The femtech revolution: women first, finally
Women’s health has long been lacking innovation and investment. Women represent 51% of the population and yet specific resources for, and research into, conditions which disproportionality impact women have been overwhelmingly scarce. This can be traced back to the data gap in women’s health — medical research overwhelmingly focuses on men, with the results being extrapolated to women. It’s for this reason, that women are more likely to die of heart attacks. Women present different symptoms to men which are largely under-researched. Insufficient investment for products focused on women’s health has prevented women from accessing adequate healthcare which supports their needs. Fortunately, this is changing.
There has been an unprecedented growth in the number of tech-savvy start-ups which are designing leading products for women and transforming the landscape of disease diagnosis, pregnancy, miscarriage, motherhood and the menopause. The access to products designed to suit their needs has set the wheels of change in motion for women. Autonomy for women over their health and wellbeing is long overdue.
What is femtech?
Femtech is a term applied to the services, products and diagnostics which use technology to improve women’s health. ‘Femtech’ was first thought to be coined by Ida Tin, CEO and Founder of women’s menstruation-tracking app, Clue, during conversations with male investors.
Femtech startups and companies to watch
The footprint of femtech is vast. And, it’s just the beginning, as the industry is expected to be worth over $50bn by 2025. From fertility trackers to sexual wellness apps, the market is booming with products and services which deliver better healthcare for women. It’s a crowded space but there are some companies which stand out.
Securing $42 billion in Series B funding, the largest femtech investment (at the time), Elvie is a trailblazer in this space. The firm has developed a silent breast pump and discreet pelvic floor strengthener and is now recognised for tackling previously seemed “taboo subjects” head-on.
On the other end of the scale, you’ve got promising startups like Adia Health, launched just this year, whose platform educates women about their reproductive health.
Amongst those leading the way is Natural Cycles – the world’s first and only FDA and CE approved contraception app. In fact, the biggest study into menstrual cycles done by them in partnership with UCL, revealed that only 13% of women have cycles lasting 28 days, contrary to popular belief. The significance of these findings for fertility is huge.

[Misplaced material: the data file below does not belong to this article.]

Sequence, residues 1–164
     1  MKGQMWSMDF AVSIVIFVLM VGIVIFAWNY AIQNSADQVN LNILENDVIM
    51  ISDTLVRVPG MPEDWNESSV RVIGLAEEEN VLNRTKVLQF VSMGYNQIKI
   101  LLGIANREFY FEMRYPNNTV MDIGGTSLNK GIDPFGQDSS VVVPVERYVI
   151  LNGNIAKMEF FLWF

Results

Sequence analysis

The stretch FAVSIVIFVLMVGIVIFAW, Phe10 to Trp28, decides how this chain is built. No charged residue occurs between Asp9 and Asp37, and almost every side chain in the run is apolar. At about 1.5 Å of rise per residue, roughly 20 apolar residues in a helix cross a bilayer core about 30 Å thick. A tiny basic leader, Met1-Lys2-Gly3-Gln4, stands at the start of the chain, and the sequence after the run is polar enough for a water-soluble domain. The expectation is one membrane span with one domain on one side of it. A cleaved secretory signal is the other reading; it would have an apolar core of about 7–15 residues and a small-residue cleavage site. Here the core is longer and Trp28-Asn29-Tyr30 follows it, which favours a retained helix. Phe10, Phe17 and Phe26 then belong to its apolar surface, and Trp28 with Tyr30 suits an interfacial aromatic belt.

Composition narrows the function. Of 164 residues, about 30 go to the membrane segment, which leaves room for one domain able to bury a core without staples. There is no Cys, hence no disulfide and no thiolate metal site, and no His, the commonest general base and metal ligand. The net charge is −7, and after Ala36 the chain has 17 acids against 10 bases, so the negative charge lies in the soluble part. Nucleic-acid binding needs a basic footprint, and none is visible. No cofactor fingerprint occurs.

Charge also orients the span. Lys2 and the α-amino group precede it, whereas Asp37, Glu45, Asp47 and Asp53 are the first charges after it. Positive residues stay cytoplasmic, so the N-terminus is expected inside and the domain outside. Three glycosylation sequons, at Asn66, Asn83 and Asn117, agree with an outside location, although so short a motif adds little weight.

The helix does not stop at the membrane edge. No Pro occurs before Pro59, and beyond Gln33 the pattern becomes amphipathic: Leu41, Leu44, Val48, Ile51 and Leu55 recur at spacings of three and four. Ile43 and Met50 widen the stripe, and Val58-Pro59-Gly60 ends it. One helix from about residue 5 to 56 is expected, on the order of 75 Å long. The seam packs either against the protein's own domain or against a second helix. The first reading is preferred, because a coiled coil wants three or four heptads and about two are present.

The Lowdown is another website making waves. The peer-to-peer review website for contraception enables women, for the first time ever, to openly discuss the merits and pitfalls of different options. Freedom to choose, greater accessibility and information about different products are transforming how women approach reproductive healthcare.
The personalisation of female healthcare is at the heart of Syrona. This platform allows women to understand their gynaecological health by testing for issues such as PCOS and endometriosis. Tests can take place in the comfort of their own homes, giving women greater privacy and flexibility.
Investment into femtech
However, the industry still has some way to go. Miscarriages and menopause remain taboos, and discussions about female-focused products are still often dismissed by male investors.
Venture capital (VC) investments into femtech startups are typically led by men who are too often embarrassed to ask questions or do not understand the value of technology solving fertility, breastfeeding and women’s health issues. So, communicating effectively is particularly important for femtech companies to educate this audience. In the same vein, women are still underrepresented in the VC world, only 13% of VC decision-makers are female in the UK – consequently, the amount of funding femtech startups get is still much lower than other industries.
The future is female
Reservations aside, the future is undoubtedly female. The flourishing femtech market has created a change in mindset around women’s health and sparked debate about personalisation, choice and autonomy.
It’s an exciting time for femtech firms and as the market matures, they will need to focus on making their brand and products distinctive. Take period trackers. Already the market is saturated with the likes of Clue, Eve, Ovia and even Apple Watch. Now is the time for femtech firms to stake their claim and become known.
If you want to learn more about Aspectus’ femtech PR and marketing work and our capacity to support femtech companies, contact firstname.lastname@example.org. In the last month, for Natural Cycles, we secured 19 pieces of coverage with a readership of 1.3 billion people. Highlights included pieces in Refinery29, Glamour, The Sunday Times and BBC Radio 4 Woman’s Hour.
Ellie is a Junior Account Executive working in the Technology PR team at Aspectus Group.